William Shakespeare

You're Quoting Shakespeare Every Day - Without Even Knowing It!

Bill Coles | Posted 22.04.2016 | UK Entertainment
Bill Coles

Not to lay it on with a trowel, but... when we talk of towers of strength; or sea changes; or pounds of flesh; or pomp and circumstance; or the dogs of war - or even the Queen's English, then it's Shakespeare!

Much Ado About Nothing

Adam Lee-Potter | Posted 22.04.2016 | UK Entertainment
Adam Lee-Potter

I'm not alone. A new report by the British Council reveals that 34% of the UK can't stand the Bard. So why don't more of us say so? This silent suffering has become middle England's last taboo. The world might think we adore Shakespeare, our supposed national icon. But we don't: you can have him.

Assessing Shakespeare at 400 and Making Sure He Didn't Cheat on His Homework

Iain Aitch | Posted 22.04.2016 | UK Entertainment
Iain Aitch

It seems remarkable that one man's legacy can still be having such a cultural impact on a nation 400 years after his death. But Shakespeare is no ordinary literary figure, with his work still being seen as a benchmark of the written word across the globe.

Shakespeare Or Fakespeare? See If You Can Recognise The Words Invented By The Bard

The Huffington Post | Sarah Harris1 | Posted 21.04.2016 | UK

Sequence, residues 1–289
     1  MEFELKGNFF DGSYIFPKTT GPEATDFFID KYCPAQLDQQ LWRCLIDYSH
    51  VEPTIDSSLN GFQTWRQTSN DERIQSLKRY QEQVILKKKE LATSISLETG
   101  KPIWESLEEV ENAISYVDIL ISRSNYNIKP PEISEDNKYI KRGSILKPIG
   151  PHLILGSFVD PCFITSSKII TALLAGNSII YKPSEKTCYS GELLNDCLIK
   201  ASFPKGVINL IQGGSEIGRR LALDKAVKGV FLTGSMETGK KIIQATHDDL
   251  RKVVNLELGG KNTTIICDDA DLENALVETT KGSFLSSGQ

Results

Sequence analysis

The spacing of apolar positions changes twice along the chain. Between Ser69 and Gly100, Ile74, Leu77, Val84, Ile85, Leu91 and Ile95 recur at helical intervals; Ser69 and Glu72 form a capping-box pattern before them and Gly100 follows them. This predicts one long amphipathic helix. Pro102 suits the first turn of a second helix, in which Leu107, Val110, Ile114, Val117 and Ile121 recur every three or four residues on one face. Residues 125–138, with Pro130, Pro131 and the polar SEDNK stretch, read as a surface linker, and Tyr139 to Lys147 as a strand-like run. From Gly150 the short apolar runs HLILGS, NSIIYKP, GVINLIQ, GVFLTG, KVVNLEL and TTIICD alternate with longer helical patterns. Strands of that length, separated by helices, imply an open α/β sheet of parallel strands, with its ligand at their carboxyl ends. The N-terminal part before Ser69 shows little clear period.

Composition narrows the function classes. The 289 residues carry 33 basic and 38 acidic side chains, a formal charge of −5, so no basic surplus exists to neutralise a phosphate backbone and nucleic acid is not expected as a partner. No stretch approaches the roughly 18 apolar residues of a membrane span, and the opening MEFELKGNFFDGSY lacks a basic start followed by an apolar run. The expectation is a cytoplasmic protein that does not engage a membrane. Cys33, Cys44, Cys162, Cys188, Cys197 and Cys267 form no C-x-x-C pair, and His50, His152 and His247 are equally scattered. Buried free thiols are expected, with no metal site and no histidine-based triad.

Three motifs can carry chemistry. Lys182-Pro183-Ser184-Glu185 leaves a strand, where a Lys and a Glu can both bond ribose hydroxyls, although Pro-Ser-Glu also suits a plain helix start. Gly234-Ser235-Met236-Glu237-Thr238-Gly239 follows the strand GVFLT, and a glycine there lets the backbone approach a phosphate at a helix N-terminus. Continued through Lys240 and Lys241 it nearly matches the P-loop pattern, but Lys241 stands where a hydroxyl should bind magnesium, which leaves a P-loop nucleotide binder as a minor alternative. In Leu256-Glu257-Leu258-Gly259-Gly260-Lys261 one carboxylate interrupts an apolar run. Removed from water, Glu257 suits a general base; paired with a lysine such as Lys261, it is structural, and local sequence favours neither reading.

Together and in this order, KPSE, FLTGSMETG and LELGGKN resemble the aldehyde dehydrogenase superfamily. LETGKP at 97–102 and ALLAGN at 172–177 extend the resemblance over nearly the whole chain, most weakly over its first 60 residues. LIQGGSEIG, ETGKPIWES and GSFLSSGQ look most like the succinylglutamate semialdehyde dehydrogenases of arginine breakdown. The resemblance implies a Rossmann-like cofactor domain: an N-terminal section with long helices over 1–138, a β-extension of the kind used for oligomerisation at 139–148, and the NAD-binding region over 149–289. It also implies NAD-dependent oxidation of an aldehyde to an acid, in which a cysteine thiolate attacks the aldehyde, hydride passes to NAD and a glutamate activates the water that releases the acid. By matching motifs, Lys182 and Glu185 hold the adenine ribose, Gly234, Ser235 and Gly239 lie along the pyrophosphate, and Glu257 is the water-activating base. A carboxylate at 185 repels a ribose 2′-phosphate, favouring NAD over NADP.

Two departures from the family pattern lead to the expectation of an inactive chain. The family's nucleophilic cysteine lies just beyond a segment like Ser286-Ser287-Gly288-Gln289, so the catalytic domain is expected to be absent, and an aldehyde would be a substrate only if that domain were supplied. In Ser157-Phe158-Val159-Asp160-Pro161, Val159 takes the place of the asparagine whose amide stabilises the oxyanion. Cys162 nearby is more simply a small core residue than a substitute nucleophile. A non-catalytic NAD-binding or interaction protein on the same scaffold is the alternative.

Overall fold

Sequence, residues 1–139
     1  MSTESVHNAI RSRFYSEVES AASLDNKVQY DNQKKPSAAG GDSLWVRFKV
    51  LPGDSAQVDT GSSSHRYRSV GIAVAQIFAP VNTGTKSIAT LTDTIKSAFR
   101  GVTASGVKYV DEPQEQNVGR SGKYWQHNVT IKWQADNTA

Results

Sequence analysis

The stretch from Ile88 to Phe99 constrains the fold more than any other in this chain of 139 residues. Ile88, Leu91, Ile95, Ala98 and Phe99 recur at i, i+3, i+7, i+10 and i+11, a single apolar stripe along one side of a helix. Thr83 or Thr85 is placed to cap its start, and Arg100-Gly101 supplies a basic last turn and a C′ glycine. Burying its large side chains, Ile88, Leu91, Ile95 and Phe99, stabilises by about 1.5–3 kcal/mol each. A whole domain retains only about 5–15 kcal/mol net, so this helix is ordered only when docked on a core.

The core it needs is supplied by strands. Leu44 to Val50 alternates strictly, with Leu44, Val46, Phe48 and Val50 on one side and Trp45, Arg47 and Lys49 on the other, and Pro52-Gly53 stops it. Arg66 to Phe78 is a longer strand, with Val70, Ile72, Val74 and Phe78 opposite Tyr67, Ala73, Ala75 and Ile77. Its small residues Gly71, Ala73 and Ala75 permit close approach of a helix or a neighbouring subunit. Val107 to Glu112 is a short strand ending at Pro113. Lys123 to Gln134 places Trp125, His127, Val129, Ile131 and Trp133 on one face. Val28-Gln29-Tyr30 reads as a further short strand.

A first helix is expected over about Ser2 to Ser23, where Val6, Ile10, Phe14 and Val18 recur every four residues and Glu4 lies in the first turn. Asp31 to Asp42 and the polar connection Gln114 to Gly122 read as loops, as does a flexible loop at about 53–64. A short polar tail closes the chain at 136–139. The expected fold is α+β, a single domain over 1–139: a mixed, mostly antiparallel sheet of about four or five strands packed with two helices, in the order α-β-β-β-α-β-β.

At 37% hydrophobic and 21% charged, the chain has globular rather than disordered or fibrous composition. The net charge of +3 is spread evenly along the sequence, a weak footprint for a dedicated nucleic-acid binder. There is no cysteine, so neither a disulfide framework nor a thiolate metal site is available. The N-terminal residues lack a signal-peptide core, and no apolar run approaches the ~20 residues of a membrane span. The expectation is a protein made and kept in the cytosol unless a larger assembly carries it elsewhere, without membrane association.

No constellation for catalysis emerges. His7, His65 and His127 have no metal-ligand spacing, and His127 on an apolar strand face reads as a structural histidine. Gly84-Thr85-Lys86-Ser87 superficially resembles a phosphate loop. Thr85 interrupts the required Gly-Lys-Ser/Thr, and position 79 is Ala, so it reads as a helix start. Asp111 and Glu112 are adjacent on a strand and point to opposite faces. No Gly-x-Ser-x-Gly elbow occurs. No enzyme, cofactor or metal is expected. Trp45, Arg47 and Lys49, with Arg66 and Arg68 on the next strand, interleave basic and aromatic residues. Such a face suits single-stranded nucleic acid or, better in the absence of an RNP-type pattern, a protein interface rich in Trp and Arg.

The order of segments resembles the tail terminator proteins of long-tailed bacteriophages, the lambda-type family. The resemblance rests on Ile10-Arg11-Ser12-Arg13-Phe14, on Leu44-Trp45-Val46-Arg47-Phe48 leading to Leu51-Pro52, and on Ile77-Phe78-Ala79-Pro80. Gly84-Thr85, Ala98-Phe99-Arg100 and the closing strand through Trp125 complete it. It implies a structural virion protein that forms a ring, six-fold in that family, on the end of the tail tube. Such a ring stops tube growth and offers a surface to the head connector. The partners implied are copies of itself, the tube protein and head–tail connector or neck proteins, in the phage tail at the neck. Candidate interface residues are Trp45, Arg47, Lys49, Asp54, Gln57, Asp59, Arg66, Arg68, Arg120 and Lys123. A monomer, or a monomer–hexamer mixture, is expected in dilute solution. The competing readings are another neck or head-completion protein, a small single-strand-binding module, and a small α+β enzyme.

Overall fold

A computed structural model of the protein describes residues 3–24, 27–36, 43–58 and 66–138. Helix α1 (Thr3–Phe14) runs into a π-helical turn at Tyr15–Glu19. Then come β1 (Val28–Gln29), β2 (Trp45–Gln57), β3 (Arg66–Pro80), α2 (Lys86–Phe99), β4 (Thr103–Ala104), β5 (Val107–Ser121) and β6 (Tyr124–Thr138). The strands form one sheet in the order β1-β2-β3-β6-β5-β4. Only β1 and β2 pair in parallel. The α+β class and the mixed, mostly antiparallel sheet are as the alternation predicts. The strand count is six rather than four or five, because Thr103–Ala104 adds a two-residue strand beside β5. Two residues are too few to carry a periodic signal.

Although the exact date of William Shakespeare’s death is not recorded, it’s traditionally accepted as 23 April, 1616, meaning it was 400 years ag...

Shakespeare: A Wonderfully Filthy Bugger

Lewis Ironside | Posted 20.04.2016 | UK Entertainment
Lewis Ironside

Perhaps it's because he was also responsible for so much of our literary history that we consider him mandatory for our offsprings' education, but surely no writer in the English language has ever written such beautifully obscene poems, plays and passages.

'Now Bid Me Run, and I Will Strive With Things Impossible'

Conrad Bird | Posted 20.04.2016 | UK Politics
Conrad Bird

This year the GREAT Britain campaign, which promotes the best of Britain across the world, is celebrating Shakespeare's 400th Anniversary. Shakespear...

'Countryfile' Secure HUGE Name For Shakespeare Special